I recently watched David Heinemeier Hansson’s (@dhh) video on code comments and refactoring. While it’s interesting to see how he tackles these code changes, the most interesting thing to me is what he said he does with the codebase.
“I read through the entire codebase of Basecamp 3 and try to make things better that I don’t think are good enough, or revisit decisions that we’ve made earlier that I think now I have a better idea of how to do”
There’s a lot in that statement, so let’s unpack it.
First, he reads through the entire codebase! The fact that he does this shows great care for what he does and believes in.
Second, he makes changes where he doesn’t feel like the code is good enough. While many of us have ideas about what is “good” or not, I’m sure we’ve all gone back through older code and just known when we’ve seen it.
Lastly, he revisits past decisions that can be better handled now. Programming is an ever-changing space and developers are enhancing their skills and knowledge on a daily basis. So why shouldn’t our code reflect our most up-to-date understandings?
DHH isn’t the only one who does this though. Taylor Otwell (creator of Laravel) does something similar.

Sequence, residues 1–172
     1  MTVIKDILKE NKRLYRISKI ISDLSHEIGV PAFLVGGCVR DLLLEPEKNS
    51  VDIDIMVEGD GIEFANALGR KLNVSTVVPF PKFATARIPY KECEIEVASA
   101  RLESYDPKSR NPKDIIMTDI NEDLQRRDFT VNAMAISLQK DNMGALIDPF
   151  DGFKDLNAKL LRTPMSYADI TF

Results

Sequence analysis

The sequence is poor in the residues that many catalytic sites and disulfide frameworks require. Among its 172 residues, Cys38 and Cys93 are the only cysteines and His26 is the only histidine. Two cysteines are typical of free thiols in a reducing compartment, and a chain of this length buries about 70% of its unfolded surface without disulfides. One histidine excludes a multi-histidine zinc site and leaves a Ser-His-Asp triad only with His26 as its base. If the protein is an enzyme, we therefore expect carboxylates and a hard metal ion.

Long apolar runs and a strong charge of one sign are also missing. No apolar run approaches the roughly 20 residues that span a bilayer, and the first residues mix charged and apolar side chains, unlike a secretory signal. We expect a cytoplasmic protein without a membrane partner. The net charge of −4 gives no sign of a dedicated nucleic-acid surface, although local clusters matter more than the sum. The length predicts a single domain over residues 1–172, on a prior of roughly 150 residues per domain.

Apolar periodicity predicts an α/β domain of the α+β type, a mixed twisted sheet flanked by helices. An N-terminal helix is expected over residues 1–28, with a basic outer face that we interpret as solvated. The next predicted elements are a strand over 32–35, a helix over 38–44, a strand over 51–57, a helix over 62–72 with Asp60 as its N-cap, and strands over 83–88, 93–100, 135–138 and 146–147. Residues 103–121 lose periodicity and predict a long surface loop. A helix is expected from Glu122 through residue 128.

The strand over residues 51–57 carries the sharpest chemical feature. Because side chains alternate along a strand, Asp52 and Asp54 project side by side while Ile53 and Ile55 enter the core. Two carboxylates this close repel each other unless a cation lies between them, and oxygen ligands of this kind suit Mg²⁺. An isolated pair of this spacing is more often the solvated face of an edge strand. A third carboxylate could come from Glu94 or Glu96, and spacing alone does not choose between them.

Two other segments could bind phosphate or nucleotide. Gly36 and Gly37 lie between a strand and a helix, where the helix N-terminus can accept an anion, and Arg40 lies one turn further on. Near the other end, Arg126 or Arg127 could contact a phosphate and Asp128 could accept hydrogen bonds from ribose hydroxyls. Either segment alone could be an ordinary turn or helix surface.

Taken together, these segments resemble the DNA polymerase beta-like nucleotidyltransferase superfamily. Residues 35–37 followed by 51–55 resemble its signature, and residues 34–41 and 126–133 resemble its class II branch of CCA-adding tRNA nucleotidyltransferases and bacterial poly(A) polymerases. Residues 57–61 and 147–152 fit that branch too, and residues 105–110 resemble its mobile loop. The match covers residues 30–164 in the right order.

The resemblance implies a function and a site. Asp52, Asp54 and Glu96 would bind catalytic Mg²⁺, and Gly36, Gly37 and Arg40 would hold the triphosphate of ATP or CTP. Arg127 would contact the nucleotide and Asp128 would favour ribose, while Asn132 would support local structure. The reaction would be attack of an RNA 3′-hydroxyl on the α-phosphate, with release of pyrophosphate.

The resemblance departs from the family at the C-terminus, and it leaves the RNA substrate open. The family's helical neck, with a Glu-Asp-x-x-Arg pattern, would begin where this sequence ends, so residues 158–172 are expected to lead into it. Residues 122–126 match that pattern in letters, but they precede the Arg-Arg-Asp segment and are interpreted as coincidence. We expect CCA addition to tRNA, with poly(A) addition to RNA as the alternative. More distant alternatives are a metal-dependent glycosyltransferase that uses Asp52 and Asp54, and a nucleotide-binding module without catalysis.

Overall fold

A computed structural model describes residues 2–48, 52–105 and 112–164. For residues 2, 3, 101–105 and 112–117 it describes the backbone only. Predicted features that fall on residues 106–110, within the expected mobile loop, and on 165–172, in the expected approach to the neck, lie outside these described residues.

Going through code and documentation that you’ve already worked on isn’t the most glamorous job, even quite tedious, but necessary. It’s silly to think that something that was done years, weeks, or even days ago is still “good enough” for today.
I know I’ve fallen into the habit of not revisiting what I’ve worked on long ago — and maybe some projects don’t need it. However, if the public is using it — like in a current site, app, or package it might be time to take a look through for improvements.
I’m going to take a hard look at my messenger package (which needs some love) as well as a few side projects that I haven’t worked on in a while. What projects are you going to look at? Let’s share some successes. Send me a tweet or screenshot on Twitter, or leave a comment below.